Since the creation of Bitcoin in 2008, the crypto-currency ecosystem has exploded, and its philosophy has changed dramatically. Decentralised finance, known as DeFi, was created as a way for individuals to move their own money without using a third party, which is the role of well-established banks.
Major actors of centralised know that crypto-currencies are not to be dismissed, and the idea that crypto will be a powerful way to move money in the next coming years is slowly sinking in. From the rise of stablecoins to CBCD (central banks’ digital currencies), many examples show that centralised banks want their piece of the cake.
Imagine that you’re a bank that was created almost two centuries ago. You know that your role in society is to keep the customer’s money, invest with it, and dictate your regulations and policies according to your local government. For example, a bank can allow or stop a wire transfer from a customer if they decide that the purpose of this wire transfer is unclear or could contribute to illegal activities.
Now, banks are facing a phenomenon called web3, where an individual can dispose of his money without third parties. It means that traditional banks don’t earn commissions on these transactions. This is a good reason to be fearful about the rise of crypto.
Traditional banking institutions already know that Defi weighs a lot of money, almost a trillion dollars, in 2022. They are eager to find ways to benefit from it, even if it means that the original goal of decentralised finance progressively loses its meaning.
Recently, MasterCard decided to allow its users to use their credit cards to facilitate the buying of cryptos. Although you could already buy crypto with your bank account, big banks frown upon the practice. PayPal is also allowing its users to buy cryptos within the platform. There are many examples of banks willing to ease crypto buying after being wary about it for a whole decade.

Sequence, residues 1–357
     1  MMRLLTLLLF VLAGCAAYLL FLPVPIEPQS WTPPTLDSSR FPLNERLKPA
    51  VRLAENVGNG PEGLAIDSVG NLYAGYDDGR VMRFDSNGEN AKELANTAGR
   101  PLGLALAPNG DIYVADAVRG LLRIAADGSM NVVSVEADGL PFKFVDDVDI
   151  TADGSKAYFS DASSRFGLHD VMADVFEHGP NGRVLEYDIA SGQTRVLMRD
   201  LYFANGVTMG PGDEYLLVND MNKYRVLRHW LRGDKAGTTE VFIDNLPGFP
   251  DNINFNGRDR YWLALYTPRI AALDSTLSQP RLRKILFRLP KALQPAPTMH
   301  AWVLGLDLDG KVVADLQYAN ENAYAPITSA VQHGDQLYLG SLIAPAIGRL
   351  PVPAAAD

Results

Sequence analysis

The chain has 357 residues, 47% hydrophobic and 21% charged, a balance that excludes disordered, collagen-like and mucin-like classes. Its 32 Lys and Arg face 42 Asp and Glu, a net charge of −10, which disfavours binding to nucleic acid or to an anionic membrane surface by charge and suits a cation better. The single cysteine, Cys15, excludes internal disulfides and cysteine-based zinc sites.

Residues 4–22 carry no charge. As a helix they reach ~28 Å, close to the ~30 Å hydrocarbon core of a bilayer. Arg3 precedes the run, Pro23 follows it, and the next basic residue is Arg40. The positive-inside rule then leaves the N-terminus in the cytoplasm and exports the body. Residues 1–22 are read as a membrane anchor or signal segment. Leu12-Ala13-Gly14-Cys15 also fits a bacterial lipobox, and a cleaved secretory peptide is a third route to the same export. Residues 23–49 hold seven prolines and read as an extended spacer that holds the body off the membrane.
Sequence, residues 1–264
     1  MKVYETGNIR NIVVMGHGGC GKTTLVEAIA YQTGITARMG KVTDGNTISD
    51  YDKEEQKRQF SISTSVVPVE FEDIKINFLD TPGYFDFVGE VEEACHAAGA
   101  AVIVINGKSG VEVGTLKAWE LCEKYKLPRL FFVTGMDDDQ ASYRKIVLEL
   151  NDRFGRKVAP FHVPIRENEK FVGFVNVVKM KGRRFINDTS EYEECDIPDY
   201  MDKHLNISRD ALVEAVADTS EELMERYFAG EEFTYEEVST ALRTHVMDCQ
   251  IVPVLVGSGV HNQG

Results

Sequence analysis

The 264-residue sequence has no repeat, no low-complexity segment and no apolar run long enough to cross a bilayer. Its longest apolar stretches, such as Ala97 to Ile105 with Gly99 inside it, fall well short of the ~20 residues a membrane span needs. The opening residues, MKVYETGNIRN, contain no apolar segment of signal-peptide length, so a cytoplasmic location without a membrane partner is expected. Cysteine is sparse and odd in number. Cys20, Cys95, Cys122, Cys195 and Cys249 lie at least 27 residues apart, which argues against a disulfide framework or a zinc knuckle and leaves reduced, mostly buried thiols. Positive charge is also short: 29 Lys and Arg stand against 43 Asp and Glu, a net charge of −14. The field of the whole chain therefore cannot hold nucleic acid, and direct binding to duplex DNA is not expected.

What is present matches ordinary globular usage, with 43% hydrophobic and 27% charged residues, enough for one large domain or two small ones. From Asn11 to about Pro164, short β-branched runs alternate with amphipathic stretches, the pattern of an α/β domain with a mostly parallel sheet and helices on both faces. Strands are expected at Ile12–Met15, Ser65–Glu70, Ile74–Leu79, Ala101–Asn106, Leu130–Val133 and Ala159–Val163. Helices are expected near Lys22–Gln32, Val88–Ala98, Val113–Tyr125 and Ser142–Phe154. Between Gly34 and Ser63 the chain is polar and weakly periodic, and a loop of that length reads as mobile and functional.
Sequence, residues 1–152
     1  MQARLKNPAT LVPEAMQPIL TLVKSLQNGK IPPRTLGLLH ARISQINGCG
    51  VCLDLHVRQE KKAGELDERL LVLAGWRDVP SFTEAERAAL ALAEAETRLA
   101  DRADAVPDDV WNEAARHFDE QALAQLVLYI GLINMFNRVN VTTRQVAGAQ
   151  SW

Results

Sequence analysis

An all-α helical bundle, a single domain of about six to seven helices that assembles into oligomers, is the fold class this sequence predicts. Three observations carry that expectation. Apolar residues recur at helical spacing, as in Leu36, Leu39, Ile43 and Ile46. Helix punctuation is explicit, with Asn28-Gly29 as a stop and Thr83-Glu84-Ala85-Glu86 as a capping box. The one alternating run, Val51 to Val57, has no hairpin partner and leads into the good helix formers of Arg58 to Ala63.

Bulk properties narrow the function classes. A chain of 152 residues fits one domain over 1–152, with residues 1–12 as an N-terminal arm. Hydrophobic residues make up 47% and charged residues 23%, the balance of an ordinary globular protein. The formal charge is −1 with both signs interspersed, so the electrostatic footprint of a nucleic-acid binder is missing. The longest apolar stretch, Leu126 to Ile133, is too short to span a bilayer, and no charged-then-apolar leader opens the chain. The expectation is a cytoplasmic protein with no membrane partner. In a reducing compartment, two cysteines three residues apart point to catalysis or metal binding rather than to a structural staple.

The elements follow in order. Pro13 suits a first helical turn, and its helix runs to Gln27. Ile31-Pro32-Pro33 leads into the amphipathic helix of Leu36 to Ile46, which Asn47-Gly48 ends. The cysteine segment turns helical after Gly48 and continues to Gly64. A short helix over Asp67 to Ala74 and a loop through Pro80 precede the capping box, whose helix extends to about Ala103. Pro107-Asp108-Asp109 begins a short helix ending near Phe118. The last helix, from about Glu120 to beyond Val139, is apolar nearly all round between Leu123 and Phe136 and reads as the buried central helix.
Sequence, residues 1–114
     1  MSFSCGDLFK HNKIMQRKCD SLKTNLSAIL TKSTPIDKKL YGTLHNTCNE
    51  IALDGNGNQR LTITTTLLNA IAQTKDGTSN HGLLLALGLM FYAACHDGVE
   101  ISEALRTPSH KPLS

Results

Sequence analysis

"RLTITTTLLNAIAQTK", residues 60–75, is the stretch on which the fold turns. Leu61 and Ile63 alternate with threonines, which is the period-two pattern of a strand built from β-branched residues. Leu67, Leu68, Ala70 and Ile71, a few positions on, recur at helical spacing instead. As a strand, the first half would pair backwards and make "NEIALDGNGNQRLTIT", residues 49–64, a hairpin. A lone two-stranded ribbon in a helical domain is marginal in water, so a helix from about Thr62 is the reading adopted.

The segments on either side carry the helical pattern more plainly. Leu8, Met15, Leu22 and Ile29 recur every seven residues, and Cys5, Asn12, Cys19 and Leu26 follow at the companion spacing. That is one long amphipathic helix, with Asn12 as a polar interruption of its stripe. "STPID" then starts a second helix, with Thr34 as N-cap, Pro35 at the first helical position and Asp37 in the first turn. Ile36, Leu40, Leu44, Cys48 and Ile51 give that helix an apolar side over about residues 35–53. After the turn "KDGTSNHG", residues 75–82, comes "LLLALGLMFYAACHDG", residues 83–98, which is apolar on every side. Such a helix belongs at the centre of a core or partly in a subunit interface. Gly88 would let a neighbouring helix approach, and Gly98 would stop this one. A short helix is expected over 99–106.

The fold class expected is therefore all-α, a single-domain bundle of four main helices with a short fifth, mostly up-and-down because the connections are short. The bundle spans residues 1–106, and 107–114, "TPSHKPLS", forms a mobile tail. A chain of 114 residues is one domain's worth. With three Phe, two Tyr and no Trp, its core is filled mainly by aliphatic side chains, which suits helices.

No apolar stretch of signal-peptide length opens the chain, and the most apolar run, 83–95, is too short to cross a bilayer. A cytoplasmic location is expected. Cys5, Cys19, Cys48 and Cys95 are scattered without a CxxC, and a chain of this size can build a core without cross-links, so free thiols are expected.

Cryptocurrencies simplify an individual’s life with fast and reputably untraceable transactions. Some online markets find it convenient, such as online casinos. Since 2016, bitcoin and Ethereum casinos have been all over the place, and customers are more than eager to check out the best best casino signup bonuses on various websites. Using crypto is faster and more convenient on casino websites because there is no need to show proof of identity or banking information.
Nowadays, you can pay for many things with cryptos on the internet, even if prominent retail actors such as Amazon aren’t up to date with this phenomenon. With more than three thousand cryptos in circulation, the market is constantly expanding, although mentalities take a long time to change and be less doubtful about crypto transactions.
The main characteristic of crypto investing is volatility, as we know that bitcoin and the like can jump from 15,000 $ to 30,000 $ in a matter of weeks. For a long time, centralised banks have considered this volatility as a big issue. To counter that effect, stablecoins have been invented, and these particular tokens follow the value of dollars or euros with great accuracy.
Centralised banks saw in stablecoins a way to enter the market as their value is pretty steady over time. Unfortunately, incidents can happen, and some stablecoins, such as TerraUST, have lost all of their value in 2022, spreading distrust in investors and traditional banks alike.
The case of CBDC (Central Bank Digital Currency) is vastly different because it represents a digital currency that centralised banks (owned by their government) are able to produce and put on the market. Many countries worldwide took a leap of faith and produced their own CBDC, and the results have been positive so far.
For example, the creation of a “digital Euro” is still discussing by the European Central Bank. Even though the road is still long to implement such an innovation, we can see that traditional banking is treading water to offer the public digital money away from traditional cash.
What matters the most to traditional banking actors is a guarantee that this digital money won’t serve for money laundering or illegal activities. Furthermore, they don’t want to offer investment opportunities for products they don’t understand. Regulatory organs such as the SEC (US regulation) have studied crypto for years. Their main goal is to regulate any crypto trading and investing form so that customers and governments don’t lose money on scams and theft.
The actual shape of crypto can seem a bit shady. We are thinking about the fall of FTX, the second crypto platform in the world. There is still a lot of work for centralised banks to adopt digital currencies and give them a legitimate place in the banking world. It will be done by regulation.